Friday, October 07, 2005

Ideology v. Qualification in SCOTUS-nominee voting

Jack Balkin offers a fascinating post on how senators weight ideology versus qualification in determining whether to support a particular Supreme Court nominee. The short story is that Senators will vote pro if a person is either qualified or good on ideology, but that if a candidate is shaky on both counts, they are in trouble. What does this mean for Miers?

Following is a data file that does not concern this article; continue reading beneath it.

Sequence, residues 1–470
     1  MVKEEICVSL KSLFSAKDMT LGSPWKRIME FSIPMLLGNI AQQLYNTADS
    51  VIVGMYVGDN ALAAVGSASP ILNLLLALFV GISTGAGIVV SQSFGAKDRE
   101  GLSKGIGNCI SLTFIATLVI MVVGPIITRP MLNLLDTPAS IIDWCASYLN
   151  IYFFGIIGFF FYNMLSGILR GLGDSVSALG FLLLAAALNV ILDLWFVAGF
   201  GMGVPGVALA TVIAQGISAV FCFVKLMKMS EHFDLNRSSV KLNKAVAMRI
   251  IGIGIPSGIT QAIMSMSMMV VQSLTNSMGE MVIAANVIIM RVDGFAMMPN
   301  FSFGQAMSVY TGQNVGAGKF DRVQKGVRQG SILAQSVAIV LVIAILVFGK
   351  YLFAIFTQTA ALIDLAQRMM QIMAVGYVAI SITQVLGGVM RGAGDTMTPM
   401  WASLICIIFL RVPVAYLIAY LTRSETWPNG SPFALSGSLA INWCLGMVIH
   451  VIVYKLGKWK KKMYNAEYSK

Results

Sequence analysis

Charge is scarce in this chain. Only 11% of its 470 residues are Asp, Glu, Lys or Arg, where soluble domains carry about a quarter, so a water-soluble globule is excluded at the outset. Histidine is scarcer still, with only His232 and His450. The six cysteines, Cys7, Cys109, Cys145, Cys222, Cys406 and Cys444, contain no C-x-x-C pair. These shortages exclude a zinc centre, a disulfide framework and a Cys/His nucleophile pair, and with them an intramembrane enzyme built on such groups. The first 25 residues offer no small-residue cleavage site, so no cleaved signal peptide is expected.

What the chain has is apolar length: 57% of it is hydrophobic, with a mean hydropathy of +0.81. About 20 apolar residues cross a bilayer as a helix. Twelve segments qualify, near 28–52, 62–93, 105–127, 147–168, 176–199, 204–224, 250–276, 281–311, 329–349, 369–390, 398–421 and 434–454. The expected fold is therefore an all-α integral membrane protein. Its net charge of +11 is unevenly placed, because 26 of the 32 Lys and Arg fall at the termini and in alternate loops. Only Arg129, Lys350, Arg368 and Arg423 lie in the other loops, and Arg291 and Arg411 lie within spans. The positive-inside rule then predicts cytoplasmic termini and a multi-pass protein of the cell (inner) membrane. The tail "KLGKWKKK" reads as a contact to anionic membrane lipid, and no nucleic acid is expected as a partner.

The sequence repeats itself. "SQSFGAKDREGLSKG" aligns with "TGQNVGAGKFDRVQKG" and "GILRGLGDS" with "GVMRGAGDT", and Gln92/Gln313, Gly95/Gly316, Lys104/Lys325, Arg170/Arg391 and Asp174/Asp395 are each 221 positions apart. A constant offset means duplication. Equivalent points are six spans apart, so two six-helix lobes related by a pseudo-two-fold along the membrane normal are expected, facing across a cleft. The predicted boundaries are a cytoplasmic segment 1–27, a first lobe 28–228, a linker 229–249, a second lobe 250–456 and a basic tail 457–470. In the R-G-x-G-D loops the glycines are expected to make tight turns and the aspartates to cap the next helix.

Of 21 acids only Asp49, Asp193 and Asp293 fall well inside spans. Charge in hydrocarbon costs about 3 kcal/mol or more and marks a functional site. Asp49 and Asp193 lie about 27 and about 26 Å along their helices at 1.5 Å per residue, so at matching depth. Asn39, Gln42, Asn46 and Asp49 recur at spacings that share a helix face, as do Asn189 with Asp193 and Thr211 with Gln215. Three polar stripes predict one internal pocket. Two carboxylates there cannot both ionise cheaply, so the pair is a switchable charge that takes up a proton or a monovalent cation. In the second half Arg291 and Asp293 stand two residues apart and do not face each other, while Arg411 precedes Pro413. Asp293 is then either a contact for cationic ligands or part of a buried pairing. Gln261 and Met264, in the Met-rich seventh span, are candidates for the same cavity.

Hence the Bush Administration has two basic strategies to secure her nomination. The first is to counteract the image that she lacks the qualifications necessary to be a Supreme Court judge. She will have to impress the Senators at her hearings with her legal acumen and her command of constitutional issues. The second strategy is to convince conservatives that she is a reliable conservative on all the issues they care about. This appears to be the strategy that the White House has settled on for the time being. The reason is simple: President Bush cannot remake Miers' credentials-- they are what they are. But what he can do is send signals that he knows what her views are and that conservatives will like those views. Thus we have already begun to see news stories that Miers is a devoted born-again Christian, that Miers is solid on the War on Terror, and that Miers will support the interests of business.

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